Saturday, December 15, 2007

Making a Name

© copyright 2007 Robert J. Elder, Pastor
Third Sunday of Advent: December 16, 2007
Matthew 11:2-11

Probably you will remember the old joke which asks, “What do Kermit the Frog, Winnie the Pooh, and John the Baptist have in common?”

Answer: They all have the same middle name.

Now, silly as this is, in a way it does touch on our gospel passage for today. Some folks become known to us on a first-name basis because we know of them with a connecting middle “the,” followed by a descriptive term or phrase: Alexander the Great, Atilla the Hun, Louis the XIV, Vlad the Impaler, John the Baptist...see what I mean? A friend of mine once said there was a woman in his church who swore people thought of her as “Catherine the casserole maker” because that was what she was always asked to bring to church suppers.

For us, John the Baptist had a connecting middle name and he found himself in prison at the whim of the tyrannical King Herod (This was Herod Antipas, not to be confused with his daddy, who had that famous middle name, Herod the Great, because Antipas really wasn’t ever all that great). John wanted to know if his cousin Jesus was going to turn out to be another person with a connecting middle name as he had supposed. That is, would he continue to be “Jesus of Nazareth,” or were people going to begin thinking of him as “Jesus the Messiah?” For John, it was like waiting on the curb at the airport in a strange city for a friend who promised to pick you up. One car after another goes by. Did he say he would be driving a blue Subaru or a teal Oldsmobile? These new cars are so hard to tell apart, especially in the dark. You peer into the windows as each goes by. You wonder, “Are you the one, or must I wait for another?”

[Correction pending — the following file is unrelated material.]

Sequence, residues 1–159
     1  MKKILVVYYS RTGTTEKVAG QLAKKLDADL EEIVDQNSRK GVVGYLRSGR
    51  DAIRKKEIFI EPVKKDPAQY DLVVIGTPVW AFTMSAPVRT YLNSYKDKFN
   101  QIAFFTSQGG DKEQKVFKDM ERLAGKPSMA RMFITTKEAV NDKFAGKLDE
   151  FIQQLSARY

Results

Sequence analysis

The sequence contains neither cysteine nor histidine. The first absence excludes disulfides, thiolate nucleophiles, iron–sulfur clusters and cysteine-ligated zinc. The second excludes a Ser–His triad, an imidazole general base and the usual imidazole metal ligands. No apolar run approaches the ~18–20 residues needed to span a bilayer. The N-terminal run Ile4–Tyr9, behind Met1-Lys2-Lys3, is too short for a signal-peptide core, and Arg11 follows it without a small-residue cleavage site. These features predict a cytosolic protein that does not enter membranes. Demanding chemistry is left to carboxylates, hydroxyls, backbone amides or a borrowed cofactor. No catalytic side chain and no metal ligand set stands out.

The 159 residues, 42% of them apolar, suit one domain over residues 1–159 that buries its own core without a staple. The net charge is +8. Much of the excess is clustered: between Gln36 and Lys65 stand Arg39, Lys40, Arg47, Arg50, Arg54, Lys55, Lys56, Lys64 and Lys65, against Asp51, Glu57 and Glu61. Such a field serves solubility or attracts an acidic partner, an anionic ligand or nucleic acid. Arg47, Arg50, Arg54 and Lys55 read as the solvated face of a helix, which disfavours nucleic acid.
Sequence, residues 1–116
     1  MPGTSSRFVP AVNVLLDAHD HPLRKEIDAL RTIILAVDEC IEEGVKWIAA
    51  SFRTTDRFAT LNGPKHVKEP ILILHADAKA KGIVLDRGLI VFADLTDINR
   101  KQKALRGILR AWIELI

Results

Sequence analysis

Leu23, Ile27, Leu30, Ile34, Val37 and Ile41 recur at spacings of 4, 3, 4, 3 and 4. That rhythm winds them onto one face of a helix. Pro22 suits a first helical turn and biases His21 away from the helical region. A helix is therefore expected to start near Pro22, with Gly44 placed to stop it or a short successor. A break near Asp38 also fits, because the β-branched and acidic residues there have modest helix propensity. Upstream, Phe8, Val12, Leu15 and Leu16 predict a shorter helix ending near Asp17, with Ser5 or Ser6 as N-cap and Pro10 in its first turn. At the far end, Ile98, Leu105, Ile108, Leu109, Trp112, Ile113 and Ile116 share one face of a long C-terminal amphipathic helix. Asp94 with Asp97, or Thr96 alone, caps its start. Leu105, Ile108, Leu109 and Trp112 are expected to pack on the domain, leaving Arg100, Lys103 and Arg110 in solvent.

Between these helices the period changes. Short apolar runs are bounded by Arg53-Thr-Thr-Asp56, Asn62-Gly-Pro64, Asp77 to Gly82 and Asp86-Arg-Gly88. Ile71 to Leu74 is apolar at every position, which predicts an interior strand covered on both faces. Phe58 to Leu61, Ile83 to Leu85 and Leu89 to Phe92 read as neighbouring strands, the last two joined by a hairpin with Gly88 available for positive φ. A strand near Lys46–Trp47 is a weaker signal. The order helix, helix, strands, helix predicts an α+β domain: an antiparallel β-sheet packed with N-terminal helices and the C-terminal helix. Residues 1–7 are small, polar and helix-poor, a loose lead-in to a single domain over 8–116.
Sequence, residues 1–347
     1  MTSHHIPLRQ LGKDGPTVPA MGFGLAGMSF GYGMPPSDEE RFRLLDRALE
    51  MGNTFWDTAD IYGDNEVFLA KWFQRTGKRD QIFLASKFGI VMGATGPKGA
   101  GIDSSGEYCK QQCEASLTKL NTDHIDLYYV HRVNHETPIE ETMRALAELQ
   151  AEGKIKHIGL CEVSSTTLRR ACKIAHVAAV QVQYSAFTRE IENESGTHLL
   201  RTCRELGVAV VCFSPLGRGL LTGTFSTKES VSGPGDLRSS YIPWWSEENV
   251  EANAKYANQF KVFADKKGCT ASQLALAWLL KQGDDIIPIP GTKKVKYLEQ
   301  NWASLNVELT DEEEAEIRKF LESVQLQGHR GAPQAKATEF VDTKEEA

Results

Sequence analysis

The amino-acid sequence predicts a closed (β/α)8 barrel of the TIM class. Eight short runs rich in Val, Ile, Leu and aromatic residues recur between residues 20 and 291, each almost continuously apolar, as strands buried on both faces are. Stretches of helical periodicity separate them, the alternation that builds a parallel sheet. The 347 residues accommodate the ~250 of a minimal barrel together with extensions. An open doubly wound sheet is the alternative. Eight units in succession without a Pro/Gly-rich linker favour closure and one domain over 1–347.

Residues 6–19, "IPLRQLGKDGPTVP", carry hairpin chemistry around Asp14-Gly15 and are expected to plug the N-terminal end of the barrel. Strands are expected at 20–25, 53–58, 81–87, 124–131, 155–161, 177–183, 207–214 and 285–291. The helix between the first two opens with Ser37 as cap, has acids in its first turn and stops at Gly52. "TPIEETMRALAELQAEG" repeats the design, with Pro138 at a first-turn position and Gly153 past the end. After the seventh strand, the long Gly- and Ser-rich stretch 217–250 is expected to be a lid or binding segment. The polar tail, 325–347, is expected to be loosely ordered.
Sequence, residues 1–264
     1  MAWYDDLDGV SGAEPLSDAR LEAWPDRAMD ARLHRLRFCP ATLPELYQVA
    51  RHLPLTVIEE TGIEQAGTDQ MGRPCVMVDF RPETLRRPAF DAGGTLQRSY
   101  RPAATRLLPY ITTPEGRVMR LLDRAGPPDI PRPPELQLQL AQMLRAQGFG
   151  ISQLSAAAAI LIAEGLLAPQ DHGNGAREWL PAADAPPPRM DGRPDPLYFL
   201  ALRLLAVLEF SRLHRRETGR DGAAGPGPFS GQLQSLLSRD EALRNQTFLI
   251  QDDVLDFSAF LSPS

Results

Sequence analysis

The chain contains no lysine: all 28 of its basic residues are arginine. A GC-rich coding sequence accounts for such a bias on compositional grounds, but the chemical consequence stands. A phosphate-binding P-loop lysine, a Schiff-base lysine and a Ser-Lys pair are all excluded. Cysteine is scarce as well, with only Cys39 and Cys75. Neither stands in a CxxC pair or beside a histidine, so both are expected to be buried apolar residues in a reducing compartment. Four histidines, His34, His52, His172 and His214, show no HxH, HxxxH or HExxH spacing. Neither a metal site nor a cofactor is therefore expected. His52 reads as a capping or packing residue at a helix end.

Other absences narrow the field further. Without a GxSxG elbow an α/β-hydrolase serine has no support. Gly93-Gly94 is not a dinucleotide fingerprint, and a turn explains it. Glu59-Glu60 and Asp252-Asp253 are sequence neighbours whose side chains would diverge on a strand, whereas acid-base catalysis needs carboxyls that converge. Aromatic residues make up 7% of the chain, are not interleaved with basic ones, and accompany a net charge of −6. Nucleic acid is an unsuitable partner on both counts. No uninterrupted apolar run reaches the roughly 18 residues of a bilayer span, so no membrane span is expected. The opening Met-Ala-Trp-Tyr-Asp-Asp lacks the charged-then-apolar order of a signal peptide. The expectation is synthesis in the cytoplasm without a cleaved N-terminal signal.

When John had baptized Jesus, he had been more sure: “I need to be baptized by you,”1 he had declared. But now he found himself in prison, alone with his thoughts, some of which were becoming those uncomfortable second thoughts. His mind, once so crystal clear about the person of Jesus, began to lose its focus. “Is he the one?” he began to wonder. It reminds me of the two pastors visiting with each other, when one says “I was going to preach on commitment, but now I’m not sure...”

William Muehl once told a story of a visit he made to an old, old home in Connecticut, a colonial-era house, which dripped with history. The home was owned and occupied by the last living descendent of the original owner, an ancient woman. Dr. Muehl noticed an old rifle hanging over the fireplace in the main room and, admiring its craftsmanship, reached up to fetch it down for a better look. “Please don’t touch it!” the woman exclaimed, “it might go off!” Sensing his curiosity, she told Dr. Muehl that her great-great-great grandfather had loaded the gun and placed it above the mantle for the day when he might strike a blow for freedom. But it had never been fired, so Dr. Muehl wondered, “Did he die before the revolution?” “No,” the old woman responded, “he lived to a ripe old age and died in 1817 — but he just never seemed able to generate much enthusiasm for General Washington’s rebellion.”2